Netflix Inc surprised Wall Street on Wednesday with a quarterly profit after the video subscription service added nearly 4 million customers in the United States and abroad, sending its shares 34 percent higher.
The dominant U.S. video rental company had warned three months ago that it expected a loss for the October to December period as it paid startup costs for an aggressive expansion into Scandinavia and other foreign markets.
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Netflix beat that guidance by reporting $8 million in net income for the fourth quarter, or 13 cents per share. Revenue rose to $945 million. The company also forecast it will add 1.7 million members in the first three months of 2013, though it forecasts net income to be "relatively flat" due to declining profit from the DVD business and higher global operating costs.
Shares of the company surged 34 percent after Netflix released its results, reaching $138.14 in after-hours trading, after closing at $103.26.
"They did surprisingly well with subscriber growth and profitability," Lazard Capital Markets analyst Barton Crockett said. "It was a very good quarter."
Netflix said it added 2.1 million customers during the quarter to its U.S. streaming business, its largest segment, for a total of 27.2 million at the end of 2012.
In international markets, the company gained 1.8 million subscribers. The total Netflix subscriber base for Latin America, Canada and parts of Europe reached 6.1 million.
The holiday season was "particularly strong, driven by consumers buying new electronic devices, including tablets and smart TVs" that offer Netflix's service, CEO Reed Hastings and CFO David Wells said in a letter to investors.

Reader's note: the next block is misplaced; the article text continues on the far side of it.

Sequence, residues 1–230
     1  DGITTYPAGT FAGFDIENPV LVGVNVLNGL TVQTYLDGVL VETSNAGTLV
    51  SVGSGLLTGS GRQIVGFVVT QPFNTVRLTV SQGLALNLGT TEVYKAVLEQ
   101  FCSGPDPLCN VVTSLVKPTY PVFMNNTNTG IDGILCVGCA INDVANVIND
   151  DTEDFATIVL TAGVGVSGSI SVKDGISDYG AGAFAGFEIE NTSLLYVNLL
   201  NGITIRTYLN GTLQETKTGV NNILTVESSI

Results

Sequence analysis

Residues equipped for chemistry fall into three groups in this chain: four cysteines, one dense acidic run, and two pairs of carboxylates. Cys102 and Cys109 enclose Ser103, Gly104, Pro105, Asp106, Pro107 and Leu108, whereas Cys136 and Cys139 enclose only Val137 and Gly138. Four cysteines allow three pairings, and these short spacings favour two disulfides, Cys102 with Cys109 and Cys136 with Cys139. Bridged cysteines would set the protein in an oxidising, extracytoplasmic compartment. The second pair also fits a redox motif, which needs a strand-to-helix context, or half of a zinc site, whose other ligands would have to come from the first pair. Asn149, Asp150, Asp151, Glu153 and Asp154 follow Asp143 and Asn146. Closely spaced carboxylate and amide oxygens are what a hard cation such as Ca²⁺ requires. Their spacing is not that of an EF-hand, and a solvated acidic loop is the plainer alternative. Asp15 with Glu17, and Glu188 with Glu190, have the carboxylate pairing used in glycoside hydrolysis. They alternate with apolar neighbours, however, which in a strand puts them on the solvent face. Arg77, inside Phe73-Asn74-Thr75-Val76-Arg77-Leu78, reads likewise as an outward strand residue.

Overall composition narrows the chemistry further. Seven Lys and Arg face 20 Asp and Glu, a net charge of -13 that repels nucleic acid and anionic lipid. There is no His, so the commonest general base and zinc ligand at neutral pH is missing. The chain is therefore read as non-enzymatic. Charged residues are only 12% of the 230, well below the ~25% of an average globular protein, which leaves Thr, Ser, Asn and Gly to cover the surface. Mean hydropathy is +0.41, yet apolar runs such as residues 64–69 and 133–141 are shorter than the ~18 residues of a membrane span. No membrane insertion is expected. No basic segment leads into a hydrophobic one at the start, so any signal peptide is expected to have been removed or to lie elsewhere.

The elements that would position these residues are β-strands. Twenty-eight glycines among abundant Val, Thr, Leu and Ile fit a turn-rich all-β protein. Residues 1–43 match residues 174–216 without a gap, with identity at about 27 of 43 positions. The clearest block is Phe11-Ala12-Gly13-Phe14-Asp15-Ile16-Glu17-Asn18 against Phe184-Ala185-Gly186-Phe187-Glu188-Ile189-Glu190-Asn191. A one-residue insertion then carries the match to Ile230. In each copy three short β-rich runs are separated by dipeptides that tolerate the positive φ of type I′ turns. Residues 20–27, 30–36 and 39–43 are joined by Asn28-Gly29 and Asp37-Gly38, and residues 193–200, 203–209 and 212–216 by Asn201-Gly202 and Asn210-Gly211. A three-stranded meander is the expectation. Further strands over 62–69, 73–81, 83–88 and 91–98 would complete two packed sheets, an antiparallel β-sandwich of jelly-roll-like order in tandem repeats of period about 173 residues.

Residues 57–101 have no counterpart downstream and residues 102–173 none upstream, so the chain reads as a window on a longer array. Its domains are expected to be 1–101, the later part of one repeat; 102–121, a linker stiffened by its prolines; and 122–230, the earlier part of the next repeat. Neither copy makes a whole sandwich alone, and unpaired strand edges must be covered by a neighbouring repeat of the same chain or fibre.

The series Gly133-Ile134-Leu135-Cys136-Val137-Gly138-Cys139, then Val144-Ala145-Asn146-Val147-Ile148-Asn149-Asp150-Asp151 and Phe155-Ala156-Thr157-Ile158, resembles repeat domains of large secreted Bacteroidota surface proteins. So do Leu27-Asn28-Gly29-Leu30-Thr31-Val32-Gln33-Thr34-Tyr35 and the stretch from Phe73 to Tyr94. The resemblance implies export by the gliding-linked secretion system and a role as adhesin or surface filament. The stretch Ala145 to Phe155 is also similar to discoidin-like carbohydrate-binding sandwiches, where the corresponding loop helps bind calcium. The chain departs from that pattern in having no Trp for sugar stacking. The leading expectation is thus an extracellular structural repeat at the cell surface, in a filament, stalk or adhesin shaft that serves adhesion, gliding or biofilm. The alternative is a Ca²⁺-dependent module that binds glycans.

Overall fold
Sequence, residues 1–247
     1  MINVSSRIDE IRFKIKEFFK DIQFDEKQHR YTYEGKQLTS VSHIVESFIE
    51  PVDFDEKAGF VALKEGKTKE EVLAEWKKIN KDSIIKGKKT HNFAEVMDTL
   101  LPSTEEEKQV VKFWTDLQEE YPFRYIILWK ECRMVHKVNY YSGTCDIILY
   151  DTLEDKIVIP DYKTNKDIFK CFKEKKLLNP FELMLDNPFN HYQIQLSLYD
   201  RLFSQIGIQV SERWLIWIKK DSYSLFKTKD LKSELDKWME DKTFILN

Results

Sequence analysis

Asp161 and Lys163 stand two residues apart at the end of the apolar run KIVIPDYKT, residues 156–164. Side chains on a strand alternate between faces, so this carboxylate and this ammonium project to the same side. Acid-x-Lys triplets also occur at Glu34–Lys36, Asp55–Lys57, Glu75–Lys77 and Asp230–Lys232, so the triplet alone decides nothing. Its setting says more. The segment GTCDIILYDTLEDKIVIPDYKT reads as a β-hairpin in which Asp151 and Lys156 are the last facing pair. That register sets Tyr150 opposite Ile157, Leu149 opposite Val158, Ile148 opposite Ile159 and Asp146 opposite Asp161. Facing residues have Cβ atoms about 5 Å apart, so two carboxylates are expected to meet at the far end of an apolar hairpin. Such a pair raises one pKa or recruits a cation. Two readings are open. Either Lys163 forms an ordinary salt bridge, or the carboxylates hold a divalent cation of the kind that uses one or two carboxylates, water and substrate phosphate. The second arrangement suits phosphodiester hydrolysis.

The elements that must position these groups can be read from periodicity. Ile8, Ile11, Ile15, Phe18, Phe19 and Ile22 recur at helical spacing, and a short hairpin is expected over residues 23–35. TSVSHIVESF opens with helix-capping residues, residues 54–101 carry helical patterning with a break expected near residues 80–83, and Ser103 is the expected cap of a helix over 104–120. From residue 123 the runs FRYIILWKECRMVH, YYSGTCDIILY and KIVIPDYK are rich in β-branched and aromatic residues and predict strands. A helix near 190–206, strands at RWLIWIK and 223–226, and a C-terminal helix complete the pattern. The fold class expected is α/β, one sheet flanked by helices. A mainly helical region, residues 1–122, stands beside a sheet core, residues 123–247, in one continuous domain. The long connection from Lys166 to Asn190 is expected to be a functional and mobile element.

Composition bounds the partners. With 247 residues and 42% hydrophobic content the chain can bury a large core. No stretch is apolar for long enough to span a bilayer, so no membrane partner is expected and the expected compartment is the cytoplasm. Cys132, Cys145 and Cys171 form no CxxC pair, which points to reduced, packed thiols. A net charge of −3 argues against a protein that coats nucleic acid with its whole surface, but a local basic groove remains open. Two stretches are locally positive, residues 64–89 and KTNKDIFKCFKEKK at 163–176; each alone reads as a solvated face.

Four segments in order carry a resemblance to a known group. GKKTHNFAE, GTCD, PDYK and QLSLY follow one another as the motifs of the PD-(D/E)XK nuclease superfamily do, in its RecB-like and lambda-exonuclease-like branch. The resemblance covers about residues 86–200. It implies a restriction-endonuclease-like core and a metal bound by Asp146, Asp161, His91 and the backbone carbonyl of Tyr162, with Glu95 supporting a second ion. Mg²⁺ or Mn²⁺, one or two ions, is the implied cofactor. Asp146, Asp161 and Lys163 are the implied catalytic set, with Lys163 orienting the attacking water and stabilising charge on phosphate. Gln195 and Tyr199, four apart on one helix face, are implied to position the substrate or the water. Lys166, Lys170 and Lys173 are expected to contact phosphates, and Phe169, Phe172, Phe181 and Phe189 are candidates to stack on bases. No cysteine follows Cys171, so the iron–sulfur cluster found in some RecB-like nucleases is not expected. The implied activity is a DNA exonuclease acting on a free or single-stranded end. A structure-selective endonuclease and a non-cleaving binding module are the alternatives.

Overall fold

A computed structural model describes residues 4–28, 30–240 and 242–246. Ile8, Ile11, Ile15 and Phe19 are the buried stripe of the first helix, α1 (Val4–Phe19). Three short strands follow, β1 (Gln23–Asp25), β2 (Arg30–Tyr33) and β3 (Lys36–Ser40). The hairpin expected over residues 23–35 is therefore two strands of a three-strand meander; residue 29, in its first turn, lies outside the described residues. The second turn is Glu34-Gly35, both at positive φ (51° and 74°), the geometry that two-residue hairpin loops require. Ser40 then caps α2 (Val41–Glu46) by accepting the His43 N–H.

The U.S. DVD-by-mail service, which Netflix is moving away from, shrunk by 380,000 customers to 8.2 million.
Wall Street analysts on average had expected Netflix to report a quarterly loss of 13 cents per share, according to Thomson Reuters I/B/E/S. A year ago, Netflix had earnings of $41 million, or 73 cents per share, on revenue of $876 million.
Critics question Netflix's ability to keep writing large checks to Hollywood TV and movie studios while facing competitors such as Hulu, Amazon.com Inc, Redbox Instant by Verizon, a joint venture between Coinstar Inc's Redbox and Verizon, plus video-on-demand offerings from cable TV providers.
Netflix said it expected more U.S. streaming growth in the first three months of 2013 compared with a year ago. "The fact that our growth remains this strong despite intensifying competition, and our already substantial U.S. market penetration, underlines the large opportunity ahead," Hastings and Wells said in their letter.
In December, Netflix signed a deal for exclusive rights to Walt Disney Co movies starting in 2016.
The company also attracted interest from activist investor Carl Icahn, who bought nearly 10 percent of the company and said it appeared ripe for a takeover. "We have no further news about his intentions, but have had constructive conversations with him about building a more valuable company," Hastings and Wells said.
(Reporting by Lisa Richwine; Editing by Phil Berlowitz)